Dyspraxia and Politics: The Two Sides to Don Biswas

Learning difficulties, the truth in conspiracy theories and politics are the topics of a brave stand up. Don Biswas is indeed brave, he is a cool presence onstage casually looking back into the audience as he cracks his jokes, and whilst his patter is agreeable and interesting, the jokes are more miss than hit.

Whilst his spiel is engaging and resonates with me it’s not particularly funny.

We start with a set by a compare - a different stand up each night and so not worth reviewing here. Biswas soon takes to the stage, kicking off with a section on learning difficulties, specifically dyspraxia and Asperger’s. Any audience members who didn’t know what dyspraxia is find themselves educated as well as amused. Biswas handles this material confidently, and manages to get the audience to laugh at learning difficulties without offence. The butt of the jokes are mainly himself or one of society’s big problems such as racism providing a segue into Biswas’s discussion about politics. He becomes more animated as we cover immigration, left wing politics, and left wing hypocrisy. Whilst his spiel is engaging and resonates with me it’s not particularly funny.

Biswas has a dissociated performance style, the topics he covers do not run together in a coherent style. We jump from politics, to middle class Indian family competitiveness, to conspiracies back to politics, life in London. This muddle can be quite difficult for the audience to follow along with.

I would recommend to anyone with dyspraxia or Asperger’s for a light-hearted look at learning difficulties, or people who likes to cheer loudly at the mention of conspiracy theories, but not to anyone else, if you’re not personally invested in the topics they are unlikely to resonate with you.

Reviews by M Johnson

Old Fire Station - Cafe

An Intervention

M6 Theatre Company

Little Gift

Assembly Roxy

Thor and Loki

Paradise in The Vault


Gilded Balloon Teviot





Since you’re here…

… we have a small favour to ask. We don't want your money to support a hack's bar bill at Abattoir, but if you have a pound or two spare, we really encourage you to support a good cause. If this review has either helped you discover a gem or avoid a turkey, consider doing some good that will really make a difference.

You can donate to the charity of your choice, but if you're looking for inspiration, there are three charities we really like.

Mama Biashara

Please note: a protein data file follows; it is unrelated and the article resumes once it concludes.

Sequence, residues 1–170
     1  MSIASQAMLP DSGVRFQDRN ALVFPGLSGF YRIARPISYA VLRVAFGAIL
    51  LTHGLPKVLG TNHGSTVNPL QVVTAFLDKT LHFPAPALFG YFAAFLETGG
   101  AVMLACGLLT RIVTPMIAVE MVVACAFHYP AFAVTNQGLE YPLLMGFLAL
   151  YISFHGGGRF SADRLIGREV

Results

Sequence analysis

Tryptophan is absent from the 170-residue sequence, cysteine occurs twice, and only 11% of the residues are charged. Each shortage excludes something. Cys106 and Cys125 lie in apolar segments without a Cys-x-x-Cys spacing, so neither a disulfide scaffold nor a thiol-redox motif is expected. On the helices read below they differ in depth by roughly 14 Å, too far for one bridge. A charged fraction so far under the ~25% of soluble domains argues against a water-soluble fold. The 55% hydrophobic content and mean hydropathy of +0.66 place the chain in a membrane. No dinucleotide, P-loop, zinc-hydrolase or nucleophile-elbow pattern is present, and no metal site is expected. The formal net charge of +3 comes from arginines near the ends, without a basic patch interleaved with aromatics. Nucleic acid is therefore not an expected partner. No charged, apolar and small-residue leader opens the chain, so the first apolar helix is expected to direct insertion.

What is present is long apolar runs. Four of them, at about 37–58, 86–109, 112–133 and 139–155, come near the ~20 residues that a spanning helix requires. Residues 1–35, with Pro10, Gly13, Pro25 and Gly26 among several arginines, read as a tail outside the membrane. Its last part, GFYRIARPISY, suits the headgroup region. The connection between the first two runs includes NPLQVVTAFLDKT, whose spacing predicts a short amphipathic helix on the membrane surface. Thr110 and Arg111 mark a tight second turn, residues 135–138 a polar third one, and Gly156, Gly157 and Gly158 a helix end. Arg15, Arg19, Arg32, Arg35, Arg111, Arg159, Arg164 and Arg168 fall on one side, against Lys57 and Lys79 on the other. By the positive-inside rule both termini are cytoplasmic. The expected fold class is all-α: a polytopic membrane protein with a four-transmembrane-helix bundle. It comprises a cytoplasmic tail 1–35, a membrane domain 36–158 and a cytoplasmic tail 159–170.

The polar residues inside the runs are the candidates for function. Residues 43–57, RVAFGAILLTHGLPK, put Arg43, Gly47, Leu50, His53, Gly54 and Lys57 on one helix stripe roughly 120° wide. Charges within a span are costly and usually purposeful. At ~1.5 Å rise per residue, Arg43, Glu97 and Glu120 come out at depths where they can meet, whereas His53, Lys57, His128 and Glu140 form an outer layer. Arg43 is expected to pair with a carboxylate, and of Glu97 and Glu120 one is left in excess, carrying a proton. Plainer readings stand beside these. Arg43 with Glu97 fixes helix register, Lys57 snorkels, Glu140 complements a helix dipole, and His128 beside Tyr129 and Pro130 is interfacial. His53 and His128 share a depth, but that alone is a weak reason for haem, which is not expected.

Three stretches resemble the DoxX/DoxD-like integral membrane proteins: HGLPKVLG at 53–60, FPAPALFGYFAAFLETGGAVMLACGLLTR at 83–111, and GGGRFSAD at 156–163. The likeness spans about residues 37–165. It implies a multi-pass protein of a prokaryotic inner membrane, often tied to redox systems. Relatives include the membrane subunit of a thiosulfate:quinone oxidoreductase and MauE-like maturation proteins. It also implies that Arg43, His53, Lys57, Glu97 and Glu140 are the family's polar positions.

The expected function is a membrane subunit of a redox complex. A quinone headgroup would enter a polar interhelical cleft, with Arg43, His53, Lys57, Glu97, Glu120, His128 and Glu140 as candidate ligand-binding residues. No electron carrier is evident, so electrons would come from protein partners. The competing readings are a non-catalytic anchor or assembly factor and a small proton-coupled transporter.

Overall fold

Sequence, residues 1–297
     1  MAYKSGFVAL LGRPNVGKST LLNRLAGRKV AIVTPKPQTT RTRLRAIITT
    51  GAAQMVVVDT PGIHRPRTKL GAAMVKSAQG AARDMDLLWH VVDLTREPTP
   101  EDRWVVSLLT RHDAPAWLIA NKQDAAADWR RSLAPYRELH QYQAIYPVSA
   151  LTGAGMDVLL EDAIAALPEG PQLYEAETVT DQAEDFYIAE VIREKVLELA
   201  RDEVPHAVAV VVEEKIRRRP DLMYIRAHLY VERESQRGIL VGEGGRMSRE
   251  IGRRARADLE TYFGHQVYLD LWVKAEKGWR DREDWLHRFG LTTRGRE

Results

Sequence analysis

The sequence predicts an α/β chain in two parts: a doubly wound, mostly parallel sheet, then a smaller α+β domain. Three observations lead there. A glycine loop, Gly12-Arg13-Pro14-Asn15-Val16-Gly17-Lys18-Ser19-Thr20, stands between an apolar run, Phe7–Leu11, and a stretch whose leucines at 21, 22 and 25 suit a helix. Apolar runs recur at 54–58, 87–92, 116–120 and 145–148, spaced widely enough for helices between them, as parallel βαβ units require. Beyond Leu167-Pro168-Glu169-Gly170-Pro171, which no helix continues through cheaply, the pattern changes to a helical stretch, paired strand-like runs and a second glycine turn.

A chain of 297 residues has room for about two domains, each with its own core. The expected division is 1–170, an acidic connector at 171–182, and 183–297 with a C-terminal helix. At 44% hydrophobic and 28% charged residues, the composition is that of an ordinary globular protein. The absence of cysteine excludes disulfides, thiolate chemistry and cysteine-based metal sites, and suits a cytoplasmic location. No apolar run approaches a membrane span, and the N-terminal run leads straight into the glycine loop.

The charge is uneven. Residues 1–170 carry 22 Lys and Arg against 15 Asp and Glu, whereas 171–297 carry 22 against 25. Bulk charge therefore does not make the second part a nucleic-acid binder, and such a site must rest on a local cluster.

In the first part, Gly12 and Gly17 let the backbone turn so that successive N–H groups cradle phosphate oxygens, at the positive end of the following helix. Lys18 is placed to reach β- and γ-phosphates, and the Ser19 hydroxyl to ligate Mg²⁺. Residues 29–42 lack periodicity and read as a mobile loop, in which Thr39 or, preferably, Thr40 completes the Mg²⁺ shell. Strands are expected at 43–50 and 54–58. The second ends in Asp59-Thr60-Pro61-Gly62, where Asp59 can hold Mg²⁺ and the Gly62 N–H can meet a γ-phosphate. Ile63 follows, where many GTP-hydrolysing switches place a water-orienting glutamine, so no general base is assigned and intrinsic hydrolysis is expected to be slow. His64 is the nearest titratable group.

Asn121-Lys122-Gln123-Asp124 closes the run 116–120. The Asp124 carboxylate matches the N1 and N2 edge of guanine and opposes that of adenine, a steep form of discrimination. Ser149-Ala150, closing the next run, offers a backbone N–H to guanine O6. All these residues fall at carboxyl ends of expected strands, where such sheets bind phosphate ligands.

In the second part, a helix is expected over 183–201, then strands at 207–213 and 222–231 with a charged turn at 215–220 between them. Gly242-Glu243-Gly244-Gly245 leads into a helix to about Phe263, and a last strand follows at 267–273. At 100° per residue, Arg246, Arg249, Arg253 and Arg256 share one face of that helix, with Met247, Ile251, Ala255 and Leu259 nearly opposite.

Kate Copstick’s charity, Mama Biashara, works with the poorest and most marginalised people in Kenya. They give grants to set up small, sustainable businesses that bring financial independence and security. That five quid you spend on a large glass of House White? They can save someone’s life with that. And the money for a pair of Air Jordans? Will take four women and their fifteen children away from a man who is raping them and into a new life with a moneymaking business for Mum and happiness for the kids.
Donate to Mama Biashara now

Theatre MAD
The Make A Difference Trust fights HIV & AIDS one stage at a time. Their UK and International grant-making strategy is based on five criteria that raise awareness, educate, and provide care and support for the most vulnerable in society. A host of fundraising events, including Bucket Collections, Late Night Cabarets, West End Eurovision, West End Bares and A West End Christmas continue to raise funds for projects both in the UK and Sub-Saharan Africa.
Donate to Theatre MAD now

Acting For Others
Acting for Others provides financial and emotional support to all theatre workers in times of need through the 14 member charities. During the COVID-19 crisis Acting for Others have raised over £600,000 to support theatre workers affected by the pandemic.
Donate to Acting For Others now



The Blurb

Gag merchant and London New Comedy Award winner Don Biswas brings you a show which offers a unique mix – his experience of living with learning difficulties, and his passion for alternative politics. Expect jokes on mainstream media censorship, lack of political choice, fractional reserve banking, and how dyspraxia has affected his life and shaped his politics. With added guest compere.

Most Popular See More

Mary Poppins

From £31.00

More Info

Find Tickets


From £29.00

More Info

Find Tickets


From £27.00

More Info

Find Tickets

Pretty Woman: The Musical

From £18.00

More Info

Find Tickets


From £22.00

More Info

Find Tickets

Come From Away

From £25.00

More Info

Find Tickets